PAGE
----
Throughout the majority of the day, Mid-Missouri felt the effects of rain showers brought on by a large system encompassing much of the Midwestern and Southeastern United States. This large system is known as a Quasi-Linear Convective System (QLCS), or referred to more commonly as a "Squall Line."
This large QLCS has brought rainfall to Mid-Missouri, snowfall to Nebraska, and severe storms across much of the Southeastern United States.
A QLCS, or "Squall Line" is a large collection of storms moving together in a shape resembling a line. These systems can be very powerful and dangerous at times producing possible strong wind damage, tornadoes, and even flooding. Thankfully, Mid-Missouri's atmosphere did not have the ingredients needed to supply our area with any of these threats. However, Arkansas has seen various severe storms that have produced multiple tornado warnings and even wind damage.
The reasoning for stronger storms to the south is increased energy in the environment known as CAPE. Values depicted on the graphic above show relatively low energy totals for storms, but during the cooler seasons such as winter and early spring, low amounts of energy are adequate due to the increased wind shear in the atmosphere. Wind shear is the change in wind speeds and directions. Increased wind shear means more rotation can occur in the atmosphere promoting the building of storms.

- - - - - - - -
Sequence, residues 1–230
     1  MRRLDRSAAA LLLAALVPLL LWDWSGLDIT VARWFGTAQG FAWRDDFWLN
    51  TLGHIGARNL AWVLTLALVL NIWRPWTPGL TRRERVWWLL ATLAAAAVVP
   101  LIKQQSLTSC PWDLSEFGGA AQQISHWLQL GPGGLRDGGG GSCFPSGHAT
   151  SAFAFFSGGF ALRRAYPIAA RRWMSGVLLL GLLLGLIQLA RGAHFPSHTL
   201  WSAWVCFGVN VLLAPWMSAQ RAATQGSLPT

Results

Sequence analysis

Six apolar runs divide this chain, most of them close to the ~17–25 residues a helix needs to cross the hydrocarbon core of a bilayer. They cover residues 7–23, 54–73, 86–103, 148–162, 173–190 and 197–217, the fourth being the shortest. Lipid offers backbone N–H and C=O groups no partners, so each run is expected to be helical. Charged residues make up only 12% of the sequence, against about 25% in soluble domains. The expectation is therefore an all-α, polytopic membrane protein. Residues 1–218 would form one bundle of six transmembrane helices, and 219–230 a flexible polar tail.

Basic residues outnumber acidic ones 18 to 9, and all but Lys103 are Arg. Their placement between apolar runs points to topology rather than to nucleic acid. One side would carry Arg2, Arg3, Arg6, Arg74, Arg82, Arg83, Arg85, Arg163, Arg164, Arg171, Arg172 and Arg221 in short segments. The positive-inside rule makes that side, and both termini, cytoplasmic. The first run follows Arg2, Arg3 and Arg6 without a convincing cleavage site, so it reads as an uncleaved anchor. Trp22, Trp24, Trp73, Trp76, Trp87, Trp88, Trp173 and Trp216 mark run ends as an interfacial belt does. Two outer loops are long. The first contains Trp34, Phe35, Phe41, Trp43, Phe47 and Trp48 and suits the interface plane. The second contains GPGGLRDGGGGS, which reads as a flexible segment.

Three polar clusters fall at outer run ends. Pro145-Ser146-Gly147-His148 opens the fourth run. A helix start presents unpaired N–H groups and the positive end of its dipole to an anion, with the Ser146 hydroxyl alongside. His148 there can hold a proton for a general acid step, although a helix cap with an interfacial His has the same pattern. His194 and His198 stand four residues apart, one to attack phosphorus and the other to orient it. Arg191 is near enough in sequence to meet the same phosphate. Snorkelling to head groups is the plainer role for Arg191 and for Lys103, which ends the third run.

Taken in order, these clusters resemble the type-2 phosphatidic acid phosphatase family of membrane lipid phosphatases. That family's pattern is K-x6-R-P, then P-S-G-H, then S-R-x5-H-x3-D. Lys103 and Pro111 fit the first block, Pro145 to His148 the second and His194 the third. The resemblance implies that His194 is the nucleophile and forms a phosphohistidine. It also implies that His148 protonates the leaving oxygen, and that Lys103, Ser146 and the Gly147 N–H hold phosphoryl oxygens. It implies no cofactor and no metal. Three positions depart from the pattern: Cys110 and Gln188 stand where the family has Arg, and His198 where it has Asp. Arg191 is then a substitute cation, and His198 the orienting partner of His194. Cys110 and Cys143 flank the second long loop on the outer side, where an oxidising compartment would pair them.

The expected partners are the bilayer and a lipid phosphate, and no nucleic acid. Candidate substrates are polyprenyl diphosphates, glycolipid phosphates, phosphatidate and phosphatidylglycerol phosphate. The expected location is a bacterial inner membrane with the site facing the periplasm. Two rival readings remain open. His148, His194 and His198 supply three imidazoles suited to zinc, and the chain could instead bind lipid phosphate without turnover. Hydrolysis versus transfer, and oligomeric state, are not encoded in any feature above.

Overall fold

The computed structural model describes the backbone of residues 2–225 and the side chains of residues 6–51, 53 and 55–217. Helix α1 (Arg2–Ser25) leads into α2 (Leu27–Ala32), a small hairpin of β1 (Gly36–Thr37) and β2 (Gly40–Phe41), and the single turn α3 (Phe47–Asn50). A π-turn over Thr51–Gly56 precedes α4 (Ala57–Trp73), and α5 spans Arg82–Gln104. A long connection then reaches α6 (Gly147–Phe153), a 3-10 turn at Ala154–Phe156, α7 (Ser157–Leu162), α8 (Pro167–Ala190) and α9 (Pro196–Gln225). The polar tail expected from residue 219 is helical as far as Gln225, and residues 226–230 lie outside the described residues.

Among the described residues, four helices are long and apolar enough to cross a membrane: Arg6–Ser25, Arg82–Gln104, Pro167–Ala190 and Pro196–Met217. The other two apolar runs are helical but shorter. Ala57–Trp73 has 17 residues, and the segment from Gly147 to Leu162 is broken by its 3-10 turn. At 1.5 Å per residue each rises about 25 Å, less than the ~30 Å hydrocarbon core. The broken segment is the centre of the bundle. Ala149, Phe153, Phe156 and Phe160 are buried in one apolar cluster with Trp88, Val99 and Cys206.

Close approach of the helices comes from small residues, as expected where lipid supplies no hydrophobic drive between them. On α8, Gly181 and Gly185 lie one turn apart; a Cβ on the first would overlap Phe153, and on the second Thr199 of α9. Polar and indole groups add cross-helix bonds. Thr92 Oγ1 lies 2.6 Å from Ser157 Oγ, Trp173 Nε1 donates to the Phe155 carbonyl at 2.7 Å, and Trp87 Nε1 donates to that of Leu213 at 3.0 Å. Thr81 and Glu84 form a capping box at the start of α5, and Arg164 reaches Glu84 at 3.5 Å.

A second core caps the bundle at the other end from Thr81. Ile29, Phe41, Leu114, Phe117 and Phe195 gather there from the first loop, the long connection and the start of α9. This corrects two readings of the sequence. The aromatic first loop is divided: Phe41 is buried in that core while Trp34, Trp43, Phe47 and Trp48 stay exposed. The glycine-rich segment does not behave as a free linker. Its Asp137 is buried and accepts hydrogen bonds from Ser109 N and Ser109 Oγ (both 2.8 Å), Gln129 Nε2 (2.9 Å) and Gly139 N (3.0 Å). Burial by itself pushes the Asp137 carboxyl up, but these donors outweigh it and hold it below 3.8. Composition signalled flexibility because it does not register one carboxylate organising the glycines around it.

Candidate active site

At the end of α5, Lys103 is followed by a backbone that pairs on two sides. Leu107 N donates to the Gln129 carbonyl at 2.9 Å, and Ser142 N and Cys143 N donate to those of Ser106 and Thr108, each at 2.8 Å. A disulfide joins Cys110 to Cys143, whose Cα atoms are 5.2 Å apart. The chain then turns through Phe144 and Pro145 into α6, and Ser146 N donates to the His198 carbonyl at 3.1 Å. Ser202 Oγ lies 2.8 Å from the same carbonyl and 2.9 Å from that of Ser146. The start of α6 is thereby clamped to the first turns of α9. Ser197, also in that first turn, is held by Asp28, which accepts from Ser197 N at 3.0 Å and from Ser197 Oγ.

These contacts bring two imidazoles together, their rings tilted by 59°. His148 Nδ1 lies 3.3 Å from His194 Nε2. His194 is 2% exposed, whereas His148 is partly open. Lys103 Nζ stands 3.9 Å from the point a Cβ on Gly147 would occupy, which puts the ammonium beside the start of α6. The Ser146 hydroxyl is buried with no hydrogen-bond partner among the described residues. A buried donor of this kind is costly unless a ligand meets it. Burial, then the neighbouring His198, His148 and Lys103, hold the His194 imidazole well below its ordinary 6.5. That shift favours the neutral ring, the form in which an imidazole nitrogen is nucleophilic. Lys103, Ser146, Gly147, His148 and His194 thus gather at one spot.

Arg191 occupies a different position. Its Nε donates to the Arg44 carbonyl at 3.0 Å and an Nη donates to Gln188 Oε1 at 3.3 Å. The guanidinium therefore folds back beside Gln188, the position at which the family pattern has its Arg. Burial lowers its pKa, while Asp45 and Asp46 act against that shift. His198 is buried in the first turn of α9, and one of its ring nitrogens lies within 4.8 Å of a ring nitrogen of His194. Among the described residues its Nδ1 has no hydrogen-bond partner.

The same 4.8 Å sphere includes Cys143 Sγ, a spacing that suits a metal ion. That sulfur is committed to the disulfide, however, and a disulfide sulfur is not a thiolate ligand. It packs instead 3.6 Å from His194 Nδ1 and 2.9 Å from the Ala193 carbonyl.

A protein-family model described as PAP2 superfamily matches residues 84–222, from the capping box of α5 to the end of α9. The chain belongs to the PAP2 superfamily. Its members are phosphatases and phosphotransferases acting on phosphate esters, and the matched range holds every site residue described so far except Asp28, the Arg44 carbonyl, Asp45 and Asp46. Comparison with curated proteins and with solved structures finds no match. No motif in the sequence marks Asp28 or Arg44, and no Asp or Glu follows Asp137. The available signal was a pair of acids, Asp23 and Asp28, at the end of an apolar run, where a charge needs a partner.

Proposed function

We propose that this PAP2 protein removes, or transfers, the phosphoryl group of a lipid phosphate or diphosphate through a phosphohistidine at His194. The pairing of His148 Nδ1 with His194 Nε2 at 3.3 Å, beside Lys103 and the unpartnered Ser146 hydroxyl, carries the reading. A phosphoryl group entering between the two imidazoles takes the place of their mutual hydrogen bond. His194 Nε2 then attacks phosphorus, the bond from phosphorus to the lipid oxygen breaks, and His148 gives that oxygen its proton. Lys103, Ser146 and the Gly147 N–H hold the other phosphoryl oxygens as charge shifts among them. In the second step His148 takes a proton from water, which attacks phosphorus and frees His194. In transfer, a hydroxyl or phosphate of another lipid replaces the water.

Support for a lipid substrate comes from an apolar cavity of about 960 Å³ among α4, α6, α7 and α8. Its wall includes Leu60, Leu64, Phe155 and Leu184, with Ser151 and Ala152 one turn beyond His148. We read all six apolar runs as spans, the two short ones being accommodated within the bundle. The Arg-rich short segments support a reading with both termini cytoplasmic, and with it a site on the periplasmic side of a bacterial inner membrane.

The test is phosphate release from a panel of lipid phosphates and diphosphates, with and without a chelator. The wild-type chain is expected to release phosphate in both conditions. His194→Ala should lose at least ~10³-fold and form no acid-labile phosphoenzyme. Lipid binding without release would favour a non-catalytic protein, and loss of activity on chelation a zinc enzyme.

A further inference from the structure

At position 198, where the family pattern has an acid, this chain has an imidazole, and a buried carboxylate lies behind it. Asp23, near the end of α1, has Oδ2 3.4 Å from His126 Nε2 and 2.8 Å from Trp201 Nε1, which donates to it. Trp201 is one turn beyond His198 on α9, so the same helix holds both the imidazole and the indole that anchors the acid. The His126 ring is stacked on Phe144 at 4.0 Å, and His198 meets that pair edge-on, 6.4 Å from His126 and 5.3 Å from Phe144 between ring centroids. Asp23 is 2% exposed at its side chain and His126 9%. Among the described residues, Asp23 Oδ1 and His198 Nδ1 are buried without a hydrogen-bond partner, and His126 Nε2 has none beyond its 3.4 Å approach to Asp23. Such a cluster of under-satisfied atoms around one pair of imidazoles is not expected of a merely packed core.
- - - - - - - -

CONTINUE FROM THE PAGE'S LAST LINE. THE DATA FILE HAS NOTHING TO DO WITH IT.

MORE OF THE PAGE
The prior listed ingredients paired with a moist atmosphere ahead of a front will lead to the building of these QLCS's. Green colors depict atmospheric dew-points in the 60 degree range which means the environment is more saturated.